“Ginger is a great antibacterial and antiviral remedy, making it ideal to ward off whatever nasty infection or seasonal bug is going around,” notes Schoffro Cook. And when it comes to blocking colds and viruses, fresh ginger shots have an advantage over dried ginger teas or supplements. Why? “Research shows that fresh ginger is far more effective than dried, yet most ginger products use dried ginger.”
1. Ginger shots block respiratory infections
A study in the Journal of Ethnopharmacology study found fresh ginger was significantly more effective than dried ginger at blocking respiratory tract viruses. Researchers say fresh ginger works by stimulating mucous cells to release a compound (IFN-β) that activates the immune system’s defenses to block viral invaders.
And if you do catch a respiratory bug, ginger can speed recovery. A separate Columbia University study suggests that ginger’s 6-shogaol compound reduces lung inflammation, eases airway sensitivity, and activates immune cells to encourage healing. (Click through to learn how ginger can help relieve ragweed allergies, too.)
2. Ginger shots block bacterial and viral infections
The benefits of ginger shots aren’t limited to blocking respiratory viruses. Research in the journal Immunology suggests that ginger increases the body’s levels of cyclic adenosine monophosphate (cAMP), a substance that stimulates activity of infection-fighting white blood cells, by as much as 250%. This helps fend off both bacterial and viral invaders of any kind.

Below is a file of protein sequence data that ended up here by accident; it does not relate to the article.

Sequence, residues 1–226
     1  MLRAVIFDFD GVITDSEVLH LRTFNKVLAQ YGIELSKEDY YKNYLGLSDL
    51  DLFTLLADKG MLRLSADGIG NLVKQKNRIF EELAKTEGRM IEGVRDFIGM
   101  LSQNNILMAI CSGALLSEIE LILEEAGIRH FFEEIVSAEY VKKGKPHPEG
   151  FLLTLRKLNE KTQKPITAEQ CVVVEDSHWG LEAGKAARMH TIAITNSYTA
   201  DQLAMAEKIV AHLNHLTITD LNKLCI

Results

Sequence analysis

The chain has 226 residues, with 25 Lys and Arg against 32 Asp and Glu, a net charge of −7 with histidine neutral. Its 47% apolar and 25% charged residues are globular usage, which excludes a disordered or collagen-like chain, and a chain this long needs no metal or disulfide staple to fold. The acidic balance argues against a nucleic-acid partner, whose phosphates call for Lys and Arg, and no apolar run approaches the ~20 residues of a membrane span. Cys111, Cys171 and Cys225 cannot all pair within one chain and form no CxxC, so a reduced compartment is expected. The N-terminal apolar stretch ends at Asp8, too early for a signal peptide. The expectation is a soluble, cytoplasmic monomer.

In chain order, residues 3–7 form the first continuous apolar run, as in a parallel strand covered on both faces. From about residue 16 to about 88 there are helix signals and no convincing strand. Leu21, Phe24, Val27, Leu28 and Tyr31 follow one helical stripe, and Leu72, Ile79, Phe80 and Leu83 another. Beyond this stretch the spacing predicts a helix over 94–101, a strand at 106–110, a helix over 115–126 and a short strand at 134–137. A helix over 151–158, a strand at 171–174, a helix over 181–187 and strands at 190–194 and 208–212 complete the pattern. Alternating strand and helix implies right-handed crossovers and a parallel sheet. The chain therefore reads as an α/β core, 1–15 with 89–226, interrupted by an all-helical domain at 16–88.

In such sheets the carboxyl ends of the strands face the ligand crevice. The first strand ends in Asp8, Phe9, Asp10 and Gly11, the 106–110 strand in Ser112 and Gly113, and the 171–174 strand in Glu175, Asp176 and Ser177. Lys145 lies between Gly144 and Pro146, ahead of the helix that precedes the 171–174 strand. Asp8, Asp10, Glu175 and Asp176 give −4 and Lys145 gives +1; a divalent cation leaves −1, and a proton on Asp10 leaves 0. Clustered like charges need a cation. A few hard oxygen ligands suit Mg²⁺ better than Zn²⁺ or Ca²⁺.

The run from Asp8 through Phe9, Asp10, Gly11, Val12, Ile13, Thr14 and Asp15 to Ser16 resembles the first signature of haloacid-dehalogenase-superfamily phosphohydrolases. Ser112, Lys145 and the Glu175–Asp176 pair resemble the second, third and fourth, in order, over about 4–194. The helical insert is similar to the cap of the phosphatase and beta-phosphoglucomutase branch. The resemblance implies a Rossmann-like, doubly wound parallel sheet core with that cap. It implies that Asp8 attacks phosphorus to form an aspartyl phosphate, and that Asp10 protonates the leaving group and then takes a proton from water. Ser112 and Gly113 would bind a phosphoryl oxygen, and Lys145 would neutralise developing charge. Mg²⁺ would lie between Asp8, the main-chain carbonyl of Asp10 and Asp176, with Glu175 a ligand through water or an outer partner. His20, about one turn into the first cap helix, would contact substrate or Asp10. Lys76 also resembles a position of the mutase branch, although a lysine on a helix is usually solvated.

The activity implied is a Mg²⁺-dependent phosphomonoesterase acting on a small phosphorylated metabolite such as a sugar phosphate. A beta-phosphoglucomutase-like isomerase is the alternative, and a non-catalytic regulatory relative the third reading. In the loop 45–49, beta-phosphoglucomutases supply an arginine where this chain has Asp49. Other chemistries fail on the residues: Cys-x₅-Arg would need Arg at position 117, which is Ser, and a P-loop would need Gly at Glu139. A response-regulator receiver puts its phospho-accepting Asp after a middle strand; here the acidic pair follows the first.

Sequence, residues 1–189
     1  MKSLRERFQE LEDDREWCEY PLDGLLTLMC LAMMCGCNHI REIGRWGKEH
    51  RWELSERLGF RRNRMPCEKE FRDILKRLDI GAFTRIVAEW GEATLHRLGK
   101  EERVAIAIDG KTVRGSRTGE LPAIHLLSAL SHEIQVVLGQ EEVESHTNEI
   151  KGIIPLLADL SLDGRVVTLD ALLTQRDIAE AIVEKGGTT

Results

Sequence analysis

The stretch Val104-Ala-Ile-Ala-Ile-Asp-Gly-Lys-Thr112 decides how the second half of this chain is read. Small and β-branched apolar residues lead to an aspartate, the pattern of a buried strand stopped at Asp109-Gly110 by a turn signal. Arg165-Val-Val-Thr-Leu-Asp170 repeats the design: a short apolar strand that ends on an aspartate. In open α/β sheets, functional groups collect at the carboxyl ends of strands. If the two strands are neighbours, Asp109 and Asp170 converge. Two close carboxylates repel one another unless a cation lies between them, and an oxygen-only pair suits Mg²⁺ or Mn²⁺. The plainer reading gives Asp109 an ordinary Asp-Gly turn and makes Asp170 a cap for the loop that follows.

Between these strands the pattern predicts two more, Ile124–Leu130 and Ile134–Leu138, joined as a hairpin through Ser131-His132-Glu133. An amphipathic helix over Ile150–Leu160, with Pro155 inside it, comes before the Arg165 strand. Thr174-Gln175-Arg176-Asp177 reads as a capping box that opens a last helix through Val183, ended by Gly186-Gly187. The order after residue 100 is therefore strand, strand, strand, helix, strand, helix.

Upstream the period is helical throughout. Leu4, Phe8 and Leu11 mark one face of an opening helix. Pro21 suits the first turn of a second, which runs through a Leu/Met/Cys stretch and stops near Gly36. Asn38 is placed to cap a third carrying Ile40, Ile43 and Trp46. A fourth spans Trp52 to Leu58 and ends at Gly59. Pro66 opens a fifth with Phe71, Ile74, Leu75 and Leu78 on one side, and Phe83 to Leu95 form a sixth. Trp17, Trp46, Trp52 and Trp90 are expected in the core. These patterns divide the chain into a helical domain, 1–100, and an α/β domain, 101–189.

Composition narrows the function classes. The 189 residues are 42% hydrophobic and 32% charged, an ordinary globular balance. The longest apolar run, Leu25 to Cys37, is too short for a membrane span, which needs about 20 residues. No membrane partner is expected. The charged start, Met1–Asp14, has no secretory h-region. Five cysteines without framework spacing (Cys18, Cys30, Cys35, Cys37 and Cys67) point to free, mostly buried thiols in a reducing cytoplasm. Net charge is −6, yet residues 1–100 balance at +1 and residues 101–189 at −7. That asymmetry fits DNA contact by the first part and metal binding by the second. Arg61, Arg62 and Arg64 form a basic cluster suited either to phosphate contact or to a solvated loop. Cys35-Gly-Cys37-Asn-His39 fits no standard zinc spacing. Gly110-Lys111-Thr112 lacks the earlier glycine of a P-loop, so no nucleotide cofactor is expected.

What’s more, a study in Molecular Nutrition & Food Research suggests that pungent ginger compounds can enter the bloodstream in as little as 30 to 60 minutes after consuming ginger. One there, they stimulate white blood cells to react 30% stronger to a bacterial infection. (Click through to our sister publication to learn how the spice star anise can boost immunity too.)
3. Ginger shots help ward off COVID infections
Research in the Journal of Traditional Chinese Medical Sciences suggests ginger’s antiviral properties help stop the virus from binding to healthy cells and replicating. Plus it helps tamps down inflammation that can occur with a COVID infection.
3 more health benefits of ginger shots
Ginger shot benefits aren’t just limited to cold and flu season. Here’s how sipping this spicy tonic can improve your health year-round.
1. Ginger shots turn off nausea
Tend to feel queasy on a long car trip or when you eat something that doesn’t agree with you? Ginger can help! “Consuming ginger shots may provide anti-inflammatory and anti-nausea benefits,” notes Abeer Bader, MSc, RD, LDN, the clinical nutrition manager for the Massachusetts General Hospital Weight Center in Boston, MA. “That’s due to gingerol, a bioactive compound found in ginger that is responsible for many of its health benefits.”
Research in the journal Food Chemistry Advances found that gingerol thwarts nausea and vomiting, while a separate study found fresh ginger reduces vomiting episodes by 20%. That’s an effect that makes you 28% less likely to take a sick day, the researchers found. Credit goes to the way ginger speeds stomach emptying to reduce queasiness.